I would have thought getting LED's listed as dimmable and a switch listed as capable of dimming LED's would have been all I needed to avoid flickering issues; as that is not the case, I'm not really sure what to buy.
LOL there's the root of the problem. Back in the old incandescent days, the three ways to dim were a variac (huge and heavy), rheostat (large and VERY hot), or a cheap new "semiconductor" tech called a triac, which "turns on" electronically, and turns off when the AC current switches polarity. The dimmer adds a timer to delay when it turns on. Easy, but makes a big mess of the AC sine wave.
This works mostly fine on incandescents (it can be buzzy or flickery). However, LEDs are by nature low-voltage DC devices, and use a switching power supply or some cheaper method to convert AC line power to DC to light the actual LED elements inside the "bulb-shaped-thing". Making this work with triac dimming is a big challenge, and that's why LED dimming is such a nightmare of incompatibility.
Even worse, most dimmers power themselves by leaking current through the incandescent bulb and putting themselves in series with it. When in series with an electronic load like an LED, there are lots of ways the two devices can negatively interact. That's why most LED dimmers have a neutral wire, so they can self-power without involving the bulb.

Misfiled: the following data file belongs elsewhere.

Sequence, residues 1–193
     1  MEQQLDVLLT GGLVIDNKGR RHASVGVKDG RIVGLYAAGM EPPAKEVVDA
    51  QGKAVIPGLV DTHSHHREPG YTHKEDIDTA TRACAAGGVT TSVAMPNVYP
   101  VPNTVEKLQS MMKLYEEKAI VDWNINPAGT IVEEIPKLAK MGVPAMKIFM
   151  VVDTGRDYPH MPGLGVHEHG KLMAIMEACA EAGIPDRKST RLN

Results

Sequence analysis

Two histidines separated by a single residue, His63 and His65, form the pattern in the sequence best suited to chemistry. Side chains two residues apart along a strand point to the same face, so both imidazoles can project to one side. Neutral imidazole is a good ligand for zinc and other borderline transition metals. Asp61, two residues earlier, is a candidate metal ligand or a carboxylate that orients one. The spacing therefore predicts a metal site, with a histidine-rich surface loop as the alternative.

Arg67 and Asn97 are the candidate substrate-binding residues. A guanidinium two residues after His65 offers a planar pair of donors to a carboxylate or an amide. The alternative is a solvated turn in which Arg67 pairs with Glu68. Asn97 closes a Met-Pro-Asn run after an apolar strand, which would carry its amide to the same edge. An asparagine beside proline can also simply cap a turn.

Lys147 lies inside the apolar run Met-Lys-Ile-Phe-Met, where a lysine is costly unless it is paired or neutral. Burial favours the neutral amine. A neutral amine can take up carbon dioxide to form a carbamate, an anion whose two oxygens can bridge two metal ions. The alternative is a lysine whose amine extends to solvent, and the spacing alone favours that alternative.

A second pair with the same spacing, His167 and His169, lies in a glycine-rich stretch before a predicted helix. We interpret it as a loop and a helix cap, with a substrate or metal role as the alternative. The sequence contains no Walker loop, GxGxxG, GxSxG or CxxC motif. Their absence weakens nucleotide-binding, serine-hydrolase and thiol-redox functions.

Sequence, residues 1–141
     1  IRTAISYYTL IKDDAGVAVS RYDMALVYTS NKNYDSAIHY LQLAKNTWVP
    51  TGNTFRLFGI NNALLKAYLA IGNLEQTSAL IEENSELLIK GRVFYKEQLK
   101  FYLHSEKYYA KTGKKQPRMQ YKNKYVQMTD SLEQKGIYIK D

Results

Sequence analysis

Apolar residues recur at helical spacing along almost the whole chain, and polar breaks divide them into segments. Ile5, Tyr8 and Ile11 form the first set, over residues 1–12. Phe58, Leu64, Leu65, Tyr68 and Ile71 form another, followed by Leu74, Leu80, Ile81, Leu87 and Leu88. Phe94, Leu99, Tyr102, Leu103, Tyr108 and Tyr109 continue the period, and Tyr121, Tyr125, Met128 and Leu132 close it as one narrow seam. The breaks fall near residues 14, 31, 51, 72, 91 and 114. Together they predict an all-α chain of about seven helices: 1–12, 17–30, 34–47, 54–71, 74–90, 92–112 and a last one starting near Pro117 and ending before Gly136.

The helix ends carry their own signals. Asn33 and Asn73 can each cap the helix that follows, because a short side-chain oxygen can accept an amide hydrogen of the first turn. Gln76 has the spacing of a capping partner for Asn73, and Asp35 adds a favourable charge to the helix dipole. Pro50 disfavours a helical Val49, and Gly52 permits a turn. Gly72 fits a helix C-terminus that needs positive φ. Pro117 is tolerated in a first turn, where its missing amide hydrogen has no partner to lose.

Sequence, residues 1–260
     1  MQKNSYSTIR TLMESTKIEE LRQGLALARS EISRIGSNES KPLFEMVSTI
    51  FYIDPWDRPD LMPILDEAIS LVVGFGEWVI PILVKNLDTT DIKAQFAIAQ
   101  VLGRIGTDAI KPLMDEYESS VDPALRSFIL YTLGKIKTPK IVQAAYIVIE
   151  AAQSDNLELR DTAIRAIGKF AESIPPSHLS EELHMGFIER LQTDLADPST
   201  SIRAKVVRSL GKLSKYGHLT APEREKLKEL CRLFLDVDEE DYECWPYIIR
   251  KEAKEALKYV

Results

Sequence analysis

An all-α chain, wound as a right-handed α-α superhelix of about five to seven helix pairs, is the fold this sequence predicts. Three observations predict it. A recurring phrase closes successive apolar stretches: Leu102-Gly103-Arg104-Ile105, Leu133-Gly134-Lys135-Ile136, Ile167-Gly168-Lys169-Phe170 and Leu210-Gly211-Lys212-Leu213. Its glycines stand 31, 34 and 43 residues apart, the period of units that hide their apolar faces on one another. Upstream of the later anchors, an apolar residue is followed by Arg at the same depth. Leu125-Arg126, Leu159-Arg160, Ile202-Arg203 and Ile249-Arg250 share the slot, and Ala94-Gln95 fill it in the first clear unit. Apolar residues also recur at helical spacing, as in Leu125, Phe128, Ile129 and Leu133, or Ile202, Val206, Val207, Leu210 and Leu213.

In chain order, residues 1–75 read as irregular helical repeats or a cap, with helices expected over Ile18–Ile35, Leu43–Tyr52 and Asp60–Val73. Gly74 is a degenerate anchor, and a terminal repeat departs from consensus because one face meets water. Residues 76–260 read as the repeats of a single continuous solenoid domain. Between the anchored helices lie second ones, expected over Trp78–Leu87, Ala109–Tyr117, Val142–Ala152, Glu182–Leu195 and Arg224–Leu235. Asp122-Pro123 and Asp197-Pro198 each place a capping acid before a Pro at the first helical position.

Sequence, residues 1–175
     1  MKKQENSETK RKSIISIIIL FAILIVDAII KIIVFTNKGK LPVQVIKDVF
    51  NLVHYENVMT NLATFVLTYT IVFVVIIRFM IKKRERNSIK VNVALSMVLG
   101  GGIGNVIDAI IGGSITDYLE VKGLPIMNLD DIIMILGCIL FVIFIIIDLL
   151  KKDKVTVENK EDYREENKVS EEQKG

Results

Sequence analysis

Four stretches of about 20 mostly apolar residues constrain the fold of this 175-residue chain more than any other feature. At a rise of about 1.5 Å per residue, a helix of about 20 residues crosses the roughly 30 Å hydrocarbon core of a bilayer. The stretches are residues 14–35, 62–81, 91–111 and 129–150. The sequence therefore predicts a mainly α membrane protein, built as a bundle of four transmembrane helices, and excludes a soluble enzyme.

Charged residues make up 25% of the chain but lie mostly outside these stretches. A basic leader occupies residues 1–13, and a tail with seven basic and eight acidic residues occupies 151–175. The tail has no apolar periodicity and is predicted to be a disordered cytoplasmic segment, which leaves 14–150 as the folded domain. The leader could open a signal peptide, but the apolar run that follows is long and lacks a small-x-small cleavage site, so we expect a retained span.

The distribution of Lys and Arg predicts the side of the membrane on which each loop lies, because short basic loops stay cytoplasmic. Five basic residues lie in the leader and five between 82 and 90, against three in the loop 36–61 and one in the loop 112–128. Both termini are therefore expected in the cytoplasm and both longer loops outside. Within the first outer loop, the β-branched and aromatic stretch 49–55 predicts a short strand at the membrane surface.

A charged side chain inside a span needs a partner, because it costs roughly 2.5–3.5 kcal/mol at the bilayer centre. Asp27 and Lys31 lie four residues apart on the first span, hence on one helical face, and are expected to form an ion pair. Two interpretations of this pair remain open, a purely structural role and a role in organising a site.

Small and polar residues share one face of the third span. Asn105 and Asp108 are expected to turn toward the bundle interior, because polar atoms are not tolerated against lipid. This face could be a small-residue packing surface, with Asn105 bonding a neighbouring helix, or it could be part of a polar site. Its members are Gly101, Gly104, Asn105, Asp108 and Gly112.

Some dimmer manufacturers publish a curated list of LED bulb models they have tested their dimmer with. You don't see a lot of Utilitech, Feit Electric, Ecosmart, Commercial Electric etc. on there because those tend to be cost-lowballer brands marketed for impulse grabs on the aisle endcap, not reliability after-the-sale. I mean they're reliable as a bargain - you'll have the warm glow of money savings for the rest of your life. So there's that.